LONDON (Reuters) - The renovated home of the Royal Shakespeare Company, which cost 113 million pounds ($180 million) to complete, opens its doors to the public on Wednesday amid Britain’s severest art funding cuts in a generation.
Early reviews of the major three-and-a-half year refit in Stratford-upon-Avon have been mixed, with the rebuilt main stage praised for bringing audiences closer to the action than its predecessor despite losing around 400 seats in the process.
But some critics were less complimentary about the rest of the complex, which includes a 36-meter tower providing panoramic views and a new restaurant and cafe.
“This is a theater for the planet’s greatest playwright,” wrote Tom Dyckhoff in the Times, who complained of “cheap, standardized” materials and architecture that “lacked craftsmanship.”
“It should be beautifully made for posterity. Only 60 million pounds of the 112.8 million pound budget went on the building itself and it shows,” he added.
The main focus of the renovation is the Royal Shakespeare Theater, which replaces the cinema-style space designed by Elisabeth Scott in 1932 and renowned for being too cavernous.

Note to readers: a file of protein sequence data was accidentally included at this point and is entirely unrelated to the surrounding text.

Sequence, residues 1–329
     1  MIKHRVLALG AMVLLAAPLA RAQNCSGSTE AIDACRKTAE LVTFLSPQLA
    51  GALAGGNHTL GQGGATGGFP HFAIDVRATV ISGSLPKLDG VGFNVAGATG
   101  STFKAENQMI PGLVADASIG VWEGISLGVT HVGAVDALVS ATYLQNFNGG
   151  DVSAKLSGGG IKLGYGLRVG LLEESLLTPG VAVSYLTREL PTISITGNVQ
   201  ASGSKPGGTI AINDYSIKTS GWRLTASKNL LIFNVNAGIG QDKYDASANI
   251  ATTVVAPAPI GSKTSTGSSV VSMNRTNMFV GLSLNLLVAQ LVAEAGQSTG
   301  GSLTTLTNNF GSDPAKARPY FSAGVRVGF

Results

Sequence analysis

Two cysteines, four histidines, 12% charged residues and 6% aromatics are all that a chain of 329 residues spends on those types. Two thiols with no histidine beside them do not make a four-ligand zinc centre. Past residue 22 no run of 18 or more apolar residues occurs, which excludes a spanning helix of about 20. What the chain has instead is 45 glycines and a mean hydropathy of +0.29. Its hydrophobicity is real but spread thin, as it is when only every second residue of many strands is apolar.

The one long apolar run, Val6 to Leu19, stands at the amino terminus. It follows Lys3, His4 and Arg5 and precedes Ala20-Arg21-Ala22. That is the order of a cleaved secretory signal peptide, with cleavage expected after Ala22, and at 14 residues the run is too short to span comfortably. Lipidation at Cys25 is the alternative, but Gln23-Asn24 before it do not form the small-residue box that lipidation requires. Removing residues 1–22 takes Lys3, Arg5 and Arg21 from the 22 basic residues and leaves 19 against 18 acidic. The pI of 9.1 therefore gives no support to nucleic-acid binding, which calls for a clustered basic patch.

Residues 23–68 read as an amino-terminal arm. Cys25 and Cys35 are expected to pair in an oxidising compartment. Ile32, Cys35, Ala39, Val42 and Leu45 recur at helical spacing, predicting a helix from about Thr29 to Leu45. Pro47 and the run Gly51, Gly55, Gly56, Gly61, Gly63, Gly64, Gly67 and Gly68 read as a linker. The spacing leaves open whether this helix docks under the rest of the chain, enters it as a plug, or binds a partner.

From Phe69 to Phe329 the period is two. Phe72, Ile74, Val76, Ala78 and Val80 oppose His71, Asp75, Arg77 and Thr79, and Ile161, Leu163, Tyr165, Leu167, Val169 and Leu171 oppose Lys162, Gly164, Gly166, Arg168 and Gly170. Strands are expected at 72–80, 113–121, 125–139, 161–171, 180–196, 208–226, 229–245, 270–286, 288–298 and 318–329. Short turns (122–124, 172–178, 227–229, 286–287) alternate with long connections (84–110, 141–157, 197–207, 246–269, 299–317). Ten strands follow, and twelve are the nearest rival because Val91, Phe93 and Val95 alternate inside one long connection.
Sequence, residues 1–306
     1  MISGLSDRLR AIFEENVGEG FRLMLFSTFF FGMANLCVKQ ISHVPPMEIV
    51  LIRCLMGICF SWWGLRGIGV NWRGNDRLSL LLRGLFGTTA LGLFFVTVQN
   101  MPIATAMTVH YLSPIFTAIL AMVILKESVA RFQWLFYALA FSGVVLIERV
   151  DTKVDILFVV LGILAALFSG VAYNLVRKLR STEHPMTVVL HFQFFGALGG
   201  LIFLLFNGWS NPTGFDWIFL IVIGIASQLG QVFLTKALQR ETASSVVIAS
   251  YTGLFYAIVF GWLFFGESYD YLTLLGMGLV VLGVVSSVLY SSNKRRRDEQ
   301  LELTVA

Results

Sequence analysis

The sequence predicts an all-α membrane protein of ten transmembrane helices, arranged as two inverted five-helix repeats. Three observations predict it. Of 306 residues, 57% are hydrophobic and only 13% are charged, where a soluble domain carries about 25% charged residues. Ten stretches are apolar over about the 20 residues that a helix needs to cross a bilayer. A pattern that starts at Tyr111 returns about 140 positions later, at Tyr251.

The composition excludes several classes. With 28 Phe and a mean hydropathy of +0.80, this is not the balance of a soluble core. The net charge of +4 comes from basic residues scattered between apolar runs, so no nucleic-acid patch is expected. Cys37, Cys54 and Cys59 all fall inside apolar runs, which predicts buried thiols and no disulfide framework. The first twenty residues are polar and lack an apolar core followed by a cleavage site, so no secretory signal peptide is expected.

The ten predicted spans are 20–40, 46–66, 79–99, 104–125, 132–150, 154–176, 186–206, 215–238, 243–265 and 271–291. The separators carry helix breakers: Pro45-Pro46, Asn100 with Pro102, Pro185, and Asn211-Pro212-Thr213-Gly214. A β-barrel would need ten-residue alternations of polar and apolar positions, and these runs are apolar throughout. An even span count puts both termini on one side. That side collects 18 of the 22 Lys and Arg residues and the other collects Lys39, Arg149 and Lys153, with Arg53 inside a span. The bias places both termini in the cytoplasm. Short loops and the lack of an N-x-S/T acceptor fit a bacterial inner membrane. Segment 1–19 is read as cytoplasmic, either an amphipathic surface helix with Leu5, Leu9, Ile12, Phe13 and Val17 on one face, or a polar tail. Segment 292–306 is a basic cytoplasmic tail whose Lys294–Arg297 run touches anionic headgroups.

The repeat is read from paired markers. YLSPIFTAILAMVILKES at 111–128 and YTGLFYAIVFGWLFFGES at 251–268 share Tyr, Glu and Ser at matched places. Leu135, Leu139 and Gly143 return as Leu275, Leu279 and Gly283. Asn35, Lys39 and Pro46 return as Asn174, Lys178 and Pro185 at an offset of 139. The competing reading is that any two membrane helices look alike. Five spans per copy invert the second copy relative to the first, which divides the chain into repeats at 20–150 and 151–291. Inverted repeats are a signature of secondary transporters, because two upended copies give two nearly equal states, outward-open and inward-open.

The new theater boasts a “thrust” stage which juts out into the auditorium, catwalk style, and seating has been compressed to create more atmosphere and improve acoustics.
“Our transformed...auditorium offers the promise of a changed relationship between actor and audience as its thrust stage steps out from the old proscenium arch and brings the furthest seats twice as close to the action,” said Michael Boyd, the RSC’s artistic director.
Reaction to the main stage overhaul was generally positive.
“The theater now works well and this culturally important complex has been made accessible, open and welcoming,” wrote Edwin Heathcote in the Financial Times.
However, he questioned the “looming lookout tower” and “clunkiness” of some of the details and materials.
The new stage will be put to the test in April, 2011, when the theater formally reopens with a production of “Macbeth.” Next year also marks the 50th anniversary of the company founded by Peter Hall in 1961.
Of the total cost of the project, 53 million pounds came from the National Lottery via Arts Council England. A final 3.5 million shortfall has yet to be raised.
The council has been told to cut its budget by around 30 percent over four years amid government attempts to bring down Britain’s record budget deficit.
Reporting by Mike Collett-White, editing by Paul Casciato